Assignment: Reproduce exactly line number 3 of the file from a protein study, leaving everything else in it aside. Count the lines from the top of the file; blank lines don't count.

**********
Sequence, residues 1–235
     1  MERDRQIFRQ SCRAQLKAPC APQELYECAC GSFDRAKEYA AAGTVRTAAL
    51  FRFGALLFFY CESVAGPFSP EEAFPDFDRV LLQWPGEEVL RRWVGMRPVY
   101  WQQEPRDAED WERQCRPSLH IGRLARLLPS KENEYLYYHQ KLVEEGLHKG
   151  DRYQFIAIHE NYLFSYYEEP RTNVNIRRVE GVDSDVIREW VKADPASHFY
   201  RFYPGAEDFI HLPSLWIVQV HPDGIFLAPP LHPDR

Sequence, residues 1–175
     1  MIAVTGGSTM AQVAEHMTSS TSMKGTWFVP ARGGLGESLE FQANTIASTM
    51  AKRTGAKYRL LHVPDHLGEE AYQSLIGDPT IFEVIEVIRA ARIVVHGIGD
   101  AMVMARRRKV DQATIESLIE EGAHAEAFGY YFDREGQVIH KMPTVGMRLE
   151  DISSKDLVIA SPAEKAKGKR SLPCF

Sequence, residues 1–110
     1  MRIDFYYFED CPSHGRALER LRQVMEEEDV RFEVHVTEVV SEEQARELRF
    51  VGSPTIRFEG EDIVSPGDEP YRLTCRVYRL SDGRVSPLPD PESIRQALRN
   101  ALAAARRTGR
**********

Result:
    51  FRFGALLFFY CESVAGPFSP EEAFPDFDRV LLQWPGEEVL RRWVGMRPVY